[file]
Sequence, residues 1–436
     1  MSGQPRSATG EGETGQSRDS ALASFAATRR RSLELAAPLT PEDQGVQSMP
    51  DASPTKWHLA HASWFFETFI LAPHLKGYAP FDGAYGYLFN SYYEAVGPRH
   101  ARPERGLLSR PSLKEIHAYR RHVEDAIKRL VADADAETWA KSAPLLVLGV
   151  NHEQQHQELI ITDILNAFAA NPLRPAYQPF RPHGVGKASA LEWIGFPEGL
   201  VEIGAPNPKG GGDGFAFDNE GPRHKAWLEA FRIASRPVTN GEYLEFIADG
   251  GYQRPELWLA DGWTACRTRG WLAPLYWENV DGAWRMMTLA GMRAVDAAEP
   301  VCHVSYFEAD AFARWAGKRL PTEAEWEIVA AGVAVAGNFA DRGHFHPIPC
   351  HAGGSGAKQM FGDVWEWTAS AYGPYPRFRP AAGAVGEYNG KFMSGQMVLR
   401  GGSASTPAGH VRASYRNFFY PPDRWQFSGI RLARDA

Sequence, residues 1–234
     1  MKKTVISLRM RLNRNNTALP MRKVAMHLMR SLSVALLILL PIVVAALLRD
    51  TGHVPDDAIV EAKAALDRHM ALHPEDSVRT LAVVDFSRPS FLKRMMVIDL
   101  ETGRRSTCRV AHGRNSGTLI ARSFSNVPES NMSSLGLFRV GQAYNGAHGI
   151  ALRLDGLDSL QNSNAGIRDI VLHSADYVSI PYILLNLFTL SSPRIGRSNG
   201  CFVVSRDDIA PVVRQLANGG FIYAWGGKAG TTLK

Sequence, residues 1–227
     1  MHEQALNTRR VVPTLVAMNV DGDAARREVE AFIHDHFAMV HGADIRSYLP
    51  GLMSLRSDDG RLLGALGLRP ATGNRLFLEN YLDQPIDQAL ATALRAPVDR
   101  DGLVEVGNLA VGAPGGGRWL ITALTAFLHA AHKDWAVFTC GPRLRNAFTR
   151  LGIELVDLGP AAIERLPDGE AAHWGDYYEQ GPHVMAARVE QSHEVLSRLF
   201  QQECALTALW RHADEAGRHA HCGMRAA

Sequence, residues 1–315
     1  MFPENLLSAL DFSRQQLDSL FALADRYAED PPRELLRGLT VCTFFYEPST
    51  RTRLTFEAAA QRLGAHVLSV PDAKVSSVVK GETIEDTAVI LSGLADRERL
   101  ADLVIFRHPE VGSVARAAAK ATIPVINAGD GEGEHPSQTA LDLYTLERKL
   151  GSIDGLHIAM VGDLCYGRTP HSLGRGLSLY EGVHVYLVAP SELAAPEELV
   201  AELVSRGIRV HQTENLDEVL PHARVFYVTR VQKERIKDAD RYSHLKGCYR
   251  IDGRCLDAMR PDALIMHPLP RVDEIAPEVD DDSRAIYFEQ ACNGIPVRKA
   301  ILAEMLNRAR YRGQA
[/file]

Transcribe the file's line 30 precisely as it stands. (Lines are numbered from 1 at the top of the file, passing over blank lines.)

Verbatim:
   301  ILAEMLNRAR YRGQA